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Steubenville, county on the right track

December 18, 2011
The Herald-Star

Local government works best when it works together.

It may have been once acceptable for villages, cities and the county to be islands unto themselves when there were factories and jobs everywhere.

Now, many of those factories are shuttered and closed. Money to operate essential services, such as water, police, garbage and street repairs, is getting tight.

Local government can no longer be loners.

Bringing local governments together will require a new chapter in history and forgetting past differences.

Unfortunately, some members of local government carry on the feuds and put their personal differences way ahead of their real responsibility of being an elected official.

Important first steps have been taken by Steubenville and Jefferson County officials to forge a new history of working together.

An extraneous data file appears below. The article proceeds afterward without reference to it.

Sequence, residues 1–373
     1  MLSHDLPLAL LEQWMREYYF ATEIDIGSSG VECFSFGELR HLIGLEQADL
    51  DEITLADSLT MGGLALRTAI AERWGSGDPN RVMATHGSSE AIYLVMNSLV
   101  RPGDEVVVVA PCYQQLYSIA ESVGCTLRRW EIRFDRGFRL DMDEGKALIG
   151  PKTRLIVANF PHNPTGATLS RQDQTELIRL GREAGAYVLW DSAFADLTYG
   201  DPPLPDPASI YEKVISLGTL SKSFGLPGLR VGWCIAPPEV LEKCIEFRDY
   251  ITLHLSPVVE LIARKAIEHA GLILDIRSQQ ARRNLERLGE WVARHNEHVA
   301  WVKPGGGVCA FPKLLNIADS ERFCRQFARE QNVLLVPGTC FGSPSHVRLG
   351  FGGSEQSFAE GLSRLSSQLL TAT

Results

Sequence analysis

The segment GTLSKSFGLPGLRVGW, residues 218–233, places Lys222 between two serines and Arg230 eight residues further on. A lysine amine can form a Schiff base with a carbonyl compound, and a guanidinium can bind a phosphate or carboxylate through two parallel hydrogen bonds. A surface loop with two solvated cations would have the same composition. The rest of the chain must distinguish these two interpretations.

Steubenville is the largest city in the county and the county seat. It offers a hub of retail and commercial opportunities. The city unfortunately is financially limping along like many other cities in the region and across the country.

Jefferson County government also is facing tough times. About $1 million will have to be trimmed from the budget for next year. County workers face possible layoffs, and taxpayers may find it more difficult to access services.

Members of Steubenville Council, the city manager and the county commissioners have been meeting formally and informally for the past several months. The county needs the city to treat sewage from Pottery Addition once a sewer system is installed there.

Both sides went back and forth negotiating before an agreement was reached to benefit both communities. The city gets a boost in cash and the county gets the benefit of treating sewage from an area that is under a state mandate for sewers without the added cost of building its own treatment plant.

Council and the commissioners also are working on how a countywide port authority will be formed and how many appointees each side will have. Market Street once seemed like an ocean - keeping city and county officials apart. Now it appears both sides have made a bridge that will ultimately benefit the residents of the city and the entire county.

After all, that is what government is about. It is the people, not the elected officials.

Keep up the good work on both sides of Market Street. The people need it.

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